At first it was just a rumble in the distance that barely disturbed the quiet summer night. I needed to go to the toilet block, but I wasn’t going anywhere with that strange noise around. I squeezed my eyes shut and shuffled further into my sleeping bag. Perhaps if I ignored it, it would go away. Dad was snoring loudly on his stretcher bed over the other side of the tent. I concentrated on that, trying to forget the other sound. It worked, until the rumbling came again – louder this time. I looked around our dark tent. Everyone was asleep.
Stepping onto the old yellow mat beside my stretcher, I crept over to Mum and shook her. “There’s a scary noise.”
Mum blinked a couple of times, listening as she woke up. The camp was quiet. She shook her head. “No, there’s not. Go back to bed.”
I sighed. There was no point arguing even though I wished I could cuddle into her sleeping bag with her. As I padded back to my bed, a bright flash lit up the white walls of our tent. Mum sat up and started to speak, but her words were taken by a loud boom of thunder. I stalled in the middle of the tent, my hand on the centre pole.
“Go back to bed. It’s just a thunder storm.” As Mum spoke, the first heavy drops of rain began to patter on the green roof of our tent. I smiled. Rain would drown out the scary thunder. I climbed back into bed. The thunder crashed again. And again. I put my head under the pillow,. My little sister’s hand appeared beside me and I took it, both of us squeezing each time the thunder rolled. The rain was heavy, too heavy to talk to each other. But squeezing worked just as well.
“Are you alright?” Mum pulled my pillow from my head and shone a torch in my eyes. She was almost yelling over the rain. I nodded. “Dad’s gone outside to dig a trench so the water doesn’t come in. I’m going out to help him.”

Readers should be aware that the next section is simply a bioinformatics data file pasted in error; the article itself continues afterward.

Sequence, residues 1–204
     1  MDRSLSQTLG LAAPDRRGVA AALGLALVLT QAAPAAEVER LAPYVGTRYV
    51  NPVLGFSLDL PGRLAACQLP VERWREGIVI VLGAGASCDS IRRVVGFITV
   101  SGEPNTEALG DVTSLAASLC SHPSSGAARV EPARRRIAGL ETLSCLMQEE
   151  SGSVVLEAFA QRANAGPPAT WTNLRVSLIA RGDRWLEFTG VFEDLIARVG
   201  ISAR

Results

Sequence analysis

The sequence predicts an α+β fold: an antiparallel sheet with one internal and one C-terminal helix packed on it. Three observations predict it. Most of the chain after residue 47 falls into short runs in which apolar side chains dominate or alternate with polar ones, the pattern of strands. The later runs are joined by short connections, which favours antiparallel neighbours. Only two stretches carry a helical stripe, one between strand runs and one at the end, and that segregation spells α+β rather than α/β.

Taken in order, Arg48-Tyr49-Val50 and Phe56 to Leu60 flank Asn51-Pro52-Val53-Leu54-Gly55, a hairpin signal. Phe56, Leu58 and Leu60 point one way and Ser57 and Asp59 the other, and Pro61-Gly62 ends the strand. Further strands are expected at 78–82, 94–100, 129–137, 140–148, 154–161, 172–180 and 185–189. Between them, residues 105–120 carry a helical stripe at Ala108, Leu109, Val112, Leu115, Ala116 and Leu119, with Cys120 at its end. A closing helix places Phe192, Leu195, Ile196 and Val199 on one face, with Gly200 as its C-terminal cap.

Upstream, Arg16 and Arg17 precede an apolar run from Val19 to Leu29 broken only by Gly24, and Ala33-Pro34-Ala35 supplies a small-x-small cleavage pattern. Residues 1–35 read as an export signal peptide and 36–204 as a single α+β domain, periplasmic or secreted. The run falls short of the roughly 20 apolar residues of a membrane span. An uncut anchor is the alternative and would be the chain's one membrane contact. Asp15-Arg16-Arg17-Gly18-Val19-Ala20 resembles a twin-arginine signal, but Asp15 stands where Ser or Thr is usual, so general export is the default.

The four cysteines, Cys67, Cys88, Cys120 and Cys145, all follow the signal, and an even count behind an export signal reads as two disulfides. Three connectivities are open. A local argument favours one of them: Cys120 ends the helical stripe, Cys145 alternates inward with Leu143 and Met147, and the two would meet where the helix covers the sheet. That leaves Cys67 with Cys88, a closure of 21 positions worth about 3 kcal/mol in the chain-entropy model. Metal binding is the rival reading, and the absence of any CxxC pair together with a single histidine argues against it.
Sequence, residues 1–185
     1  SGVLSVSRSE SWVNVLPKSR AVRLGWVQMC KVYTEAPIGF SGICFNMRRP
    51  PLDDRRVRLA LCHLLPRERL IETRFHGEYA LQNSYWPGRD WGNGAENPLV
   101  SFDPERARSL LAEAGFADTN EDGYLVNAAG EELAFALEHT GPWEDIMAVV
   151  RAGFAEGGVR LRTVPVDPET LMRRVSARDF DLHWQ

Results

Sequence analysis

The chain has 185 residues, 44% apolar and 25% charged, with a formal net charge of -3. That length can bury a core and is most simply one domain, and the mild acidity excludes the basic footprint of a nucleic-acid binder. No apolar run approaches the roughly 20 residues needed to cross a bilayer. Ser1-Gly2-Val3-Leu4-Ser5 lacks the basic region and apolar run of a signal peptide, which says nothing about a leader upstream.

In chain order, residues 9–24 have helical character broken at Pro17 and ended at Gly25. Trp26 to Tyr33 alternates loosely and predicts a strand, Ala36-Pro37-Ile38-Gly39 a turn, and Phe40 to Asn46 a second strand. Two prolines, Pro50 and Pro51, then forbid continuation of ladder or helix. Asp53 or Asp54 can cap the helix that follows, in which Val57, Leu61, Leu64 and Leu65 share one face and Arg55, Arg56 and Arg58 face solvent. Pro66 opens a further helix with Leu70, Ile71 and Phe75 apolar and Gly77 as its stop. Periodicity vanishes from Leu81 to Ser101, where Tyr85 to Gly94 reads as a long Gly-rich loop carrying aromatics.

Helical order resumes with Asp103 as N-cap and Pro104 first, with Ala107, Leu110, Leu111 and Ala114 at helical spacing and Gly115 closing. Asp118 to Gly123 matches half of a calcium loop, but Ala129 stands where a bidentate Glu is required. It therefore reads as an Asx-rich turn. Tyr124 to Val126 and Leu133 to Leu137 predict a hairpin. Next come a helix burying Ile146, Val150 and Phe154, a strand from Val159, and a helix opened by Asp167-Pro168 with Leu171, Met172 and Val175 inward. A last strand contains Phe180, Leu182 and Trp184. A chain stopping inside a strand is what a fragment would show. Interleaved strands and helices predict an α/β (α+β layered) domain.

“But…” She was leaving us alone? With the thunder? And the lightning? And the loud, pounding rain?
“If you need us, yell. We’ll be right outside.”
She slipped into her Jandals and yellow PVC jacket, untied the door and left. I could hear the thumping of dirt being bit into by a spade outside, and occasional words. I wished they’d hurry up. I still needed to visit the toilet block. The thunder was loud and constant, each blast echoing from one side of the hills to the other, finishing as the next blast began.
Mum and Dad finally came back inside, piling their wet coats next to the door and lacing it closed. They shone the torch around the tent. Everything was better with a torch. Mum smiled. “Close your eyes, it’ll be gone soon.”
I couldn’t wait any longer. “I have to go to the toilet.” Mum’s eyebrows rose. “Are you sure?”
Of course I was sure. I nodded. She handed me her dripping jacket, then crouched and fiddled with the door laces while I bounced on my toes, wishing she’d hurry. She shook her head. “I can’t get it open. The laces are stuck.” She looked across the tent. “You’ll have to use the bucket.” Part of me was relieved. I didn’t want to go out to the toilet block in the storm. The rest of me was mortified. But I was also busting. After I was done, Mum tucked me back into bed. My sister reached out for me the moment Mum was gone, and I took her hand, wishing the storm would leave so I could sleep.
The next day, we weren’t allowed to drink water from the taps. Dad made us walk down to the office where we collected water delivered by a tanker. Some of the streets in the camp were filled with water, making it seem more like Venice than Tahuna. Not that we cared. Once we’d had our swim at the beach for the day, the previous night’s storm would be the last thing on our minds.
About the author: Hayley Barrett has been coming to Tahuna Beach Holiday Park for almost 40 years. She now brings her own children, who look forward to it each year just as much as she does. Her grandparents started the tradition by bringing her mum and aunty to Tahuna about 60 years ago. That means her children are the fourth generation of her family to holiday at Tahuna each summer.